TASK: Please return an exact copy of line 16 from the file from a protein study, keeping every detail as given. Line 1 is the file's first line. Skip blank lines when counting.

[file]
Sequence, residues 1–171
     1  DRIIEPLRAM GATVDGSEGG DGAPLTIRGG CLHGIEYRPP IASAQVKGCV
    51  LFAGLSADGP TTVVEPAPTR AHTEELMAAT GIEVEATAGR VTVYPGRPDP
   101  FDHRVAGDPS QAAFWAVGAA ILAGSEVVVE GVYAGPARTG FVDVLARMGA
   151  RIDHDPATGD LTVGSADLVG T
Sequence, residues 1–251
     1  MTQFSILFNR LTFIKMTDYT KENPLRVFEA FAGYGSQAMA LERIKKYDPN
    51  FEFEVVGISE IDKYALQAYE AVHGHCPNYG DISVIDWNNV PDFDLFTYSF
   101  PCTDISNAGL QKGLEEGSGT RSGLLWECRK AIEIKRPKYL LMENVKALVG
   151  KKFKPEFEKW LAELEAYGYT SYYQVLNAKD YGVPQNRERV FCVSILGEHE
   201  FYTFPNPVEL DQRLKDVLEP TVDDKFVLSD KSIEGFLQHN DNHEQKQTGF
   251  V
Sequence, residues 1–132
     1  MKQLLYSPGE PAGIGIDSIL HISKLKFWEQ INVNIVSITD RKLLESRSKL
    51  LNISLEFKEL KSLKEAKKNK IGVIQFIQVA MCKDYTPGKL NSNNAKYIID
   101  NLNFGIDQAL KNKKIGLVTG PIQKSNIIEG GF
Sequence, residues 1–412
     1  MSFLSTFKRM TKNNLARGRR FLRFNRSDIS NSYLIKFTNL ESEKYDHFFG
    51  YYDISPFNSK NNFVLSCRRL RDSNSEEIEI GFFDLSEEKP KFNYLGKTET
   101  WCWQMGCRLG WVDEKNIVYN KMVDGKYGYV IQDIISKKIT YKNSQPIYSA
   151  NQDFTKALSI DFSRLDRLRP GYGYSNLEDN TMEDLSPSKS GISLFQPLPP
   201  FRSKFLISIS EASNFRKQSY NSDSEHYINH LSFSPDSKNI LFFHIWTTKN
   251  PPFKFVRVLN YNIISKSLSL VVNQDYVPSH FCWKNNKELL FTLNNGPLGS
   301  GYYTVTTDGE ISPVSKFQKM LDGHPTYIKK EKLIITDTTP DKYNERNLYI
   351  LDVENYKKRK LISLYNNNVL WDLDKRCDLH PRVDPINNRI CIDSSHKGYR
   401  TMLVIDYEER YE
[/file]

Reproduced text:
   101  NLNFGIDQAL KNKKIGLVTG PIQKSNIIEG GF